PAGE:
I was one of the first Brazilians to study at IE, in the year 2000. I mapped out a career plan with the directors in our company which included studying business abroad. In Brazil at that time hardly anybody came to Europe to study business. I decided to take a look at European Schools because I had a total cultural affinity with Europe. When I came here to visit some top schools I fell in love with IE because of all the schools I visited it seemed the most technology-friendly. Although I really like history, I don’t like lectures about the past, rooted in tradition. I prefer to hear about the future, and that is what I found here. 

My experience as a student surpassed my expectations and a year and a half after I graduated, while I was working here in Madrid with Telefónica, IE invited me to find a way to increase relations between the School and Brazil. That’s how I ended up going to São Paulo to set up IE’s office there in 2003. At the time there were some 2 or 3 Brazilian students at IE each year, and today there are over 50.

ieCOMMunity News: Tell us about your day-to-day at IE. What is the most rewarding part of your work? What do you like most about it?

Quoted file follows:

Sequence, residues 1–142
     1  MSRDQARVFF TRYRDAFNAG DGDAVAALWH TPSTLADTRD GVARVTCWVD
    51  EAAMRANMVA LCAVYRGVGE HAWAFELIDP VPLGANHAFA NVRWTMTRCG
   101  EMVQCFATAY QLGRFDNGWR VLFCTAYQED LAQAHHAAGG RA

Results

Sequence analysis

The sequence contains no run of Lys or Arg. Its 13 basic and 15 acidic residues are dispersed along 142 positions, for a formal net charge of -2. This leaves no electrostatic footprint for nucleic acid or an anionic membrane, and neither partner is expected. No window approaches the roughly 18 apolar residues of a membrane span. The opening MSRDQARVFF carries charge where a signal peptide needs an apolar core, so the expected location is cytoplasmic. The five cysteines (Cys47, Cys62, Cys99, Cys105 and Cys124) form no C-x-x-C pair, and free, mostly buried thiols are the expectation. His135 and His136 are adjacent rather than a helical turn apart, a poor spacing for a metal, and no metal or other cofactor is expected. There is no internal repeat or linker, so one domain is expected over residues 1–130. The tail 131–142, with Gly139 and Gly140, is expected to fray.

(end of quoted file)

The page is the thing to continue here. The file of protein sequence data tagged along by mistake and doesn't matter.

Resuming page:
Today, as Director of Admissions for Blended Programs and Associate Professor of Entrepreneurship in Emerging Economies, my day-to-day is pretty intense. I tend to place myself and everyone I work with under a lot of pressure to keep us at the forefront of our sector. 

Right now the whole knowledge industry is playing major role in all sectors, but particularly where online education is concerned. There are so many challenges and so many courses of action you can take that it is easy to lose yourself and your motivation when there is so much to do in so little time. But this is exactly what I find motivating and gratifying: being able to help IE and society as a whole by finding alternatives to improve the way we create and transmit knowledge among ourselves.